James McClean has warned his Republic of Ireland team-mates not to allow themselves to be written into football folklore for the wrong reasons.
The Republic resume their Euro 2016 qualifying campaign against Gibraltar on Saturday looking to pile on the misery following the newcomers’ opening day 7-0 home defeat to Poland last month.
That proved the rudest of awakenings for the Group D minnows as they were left in little doubt, if they needed it, of what lies ahead as they prepare for showdowns with Ireland, Georgia, Scotland and World champions Germany.
However, McClean is refusing to be taken in by the Poles’ landslide victory with Martin O’Neill’s men looking to provide themselves with a platform for what is certain to be a far more taxing trip to Germany next Tuesday.
He said: “Obviously, Gibraltar are new to world football and then there’s the Poland result in the last game.
“But for us, we have got to treat it like the Germany game. I know that’s the old cliche, but there have been a lot of upsets in football over the years and we have got to make sure we are not one come Saturday.
“If we can get an early goal, great, it takes the pressure off. But if it takes until the 80th minute... We have just got to make sure we get three points. At the end of the day, that’s the most important thing.”
O’Neill is equally keen to keep feet firmly on the ground ahead of a game which he insists could prove more difficult in reality than it looks on paper.
He had his players watch sections of the Gibraltar v Poland match on Tuesday and will draw up his plan armed with an impromptu briefing from the Polish camp after bumping into them at a FIFA conference in Russia.
O’Neill said: “I was speaking to the Polish representatives, who were right beside us, and they were saying how difficult the game against Gibraltar was, breaking them down, scoring the goal in the first half – they were obviously relieved about that.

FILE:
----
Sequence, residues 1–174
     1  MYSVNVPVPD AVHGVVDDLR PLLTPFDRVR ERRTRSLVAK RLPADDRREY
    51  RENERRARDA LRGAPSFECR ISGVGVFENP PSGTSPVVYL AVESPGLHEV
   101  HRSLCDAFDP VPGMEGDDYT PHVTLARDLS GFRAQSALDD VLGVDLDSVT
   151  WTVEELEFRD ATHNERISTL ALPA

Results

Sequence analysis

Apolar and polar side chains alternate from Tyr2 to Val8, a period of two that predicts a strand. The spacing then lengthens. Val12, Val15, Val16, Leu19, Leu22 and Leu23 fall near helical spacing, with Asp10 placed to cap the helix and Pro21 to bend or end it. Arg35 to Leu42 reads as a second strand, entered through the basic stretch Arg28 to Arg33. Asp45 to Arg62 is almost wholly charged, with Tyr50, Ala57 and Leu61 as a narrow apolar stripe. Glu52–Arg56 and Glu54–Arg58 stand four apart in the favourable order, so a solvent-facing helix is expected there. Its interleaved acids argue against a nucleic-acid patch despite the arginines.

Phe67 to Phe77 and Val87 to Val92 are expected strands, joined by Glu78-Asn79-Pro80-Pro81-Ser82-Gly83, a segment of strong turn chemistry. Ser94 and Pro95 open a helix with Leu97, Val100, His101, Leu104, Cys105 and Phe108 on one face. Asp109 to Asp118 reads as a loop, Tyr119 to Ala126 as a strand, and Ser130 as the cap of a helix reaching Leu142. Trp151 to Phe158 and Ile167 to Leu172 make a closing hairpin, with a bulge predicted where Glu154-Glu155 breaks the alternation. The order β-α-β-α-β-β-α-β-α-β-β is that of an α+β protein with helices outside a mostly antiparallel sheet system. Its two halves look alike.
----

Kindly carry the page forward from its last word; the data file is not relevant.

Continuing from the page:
“I watched the game and I see the problems that they had, particularly in the first half. I think Gibraltar probably conceded about four goals in the last 10 or 12, 14 minutes of the game.
“The game will be difficult enough for us, and that’s the time that we want to be preparing properly for.
“The German game, obviously, causes its own concerns – that comes afterwards. It’s a tough game for us, obviously, and one that I really cannot really concern myself about until we have played Gibraltar.”
O’Neill reported no injury concerns after working with his players, including newly-arrived Hull full-back Brian Lenihan, at a rain-soaked Gannon Park on Wednesday morning.
He did so with excerpts from assistant Roy Keane’s updated autobiography still causing a stir outside, if not inside, the camp.
O’Neill said with a smile: “I have things to do this week, like Gibraltar. I am not concerned about anybody’s book at this moment, particularly my assistant manager.”
McClean, a boyhood Manchester United fan who is relishing the opportunity to work under the Old Trafford old boy, too insisted the furore surrounding his book was proving no distraction.
He said: “I don’t see why. Roy writes a book – it’s not going to affect what we do on the pitch. That’s his business. We are here to focus on two games and get the best two results possible.”
The Wigan midfielder was sporting a beard as he spoke to reporters, but insisted he was not engaged in a competition with Keane, whose facial hair has become a talking point in recent weeks.
He said: “Roy’s beard – that’s some beard. I don’t think I can grow that one, I haven’t got the thickness.”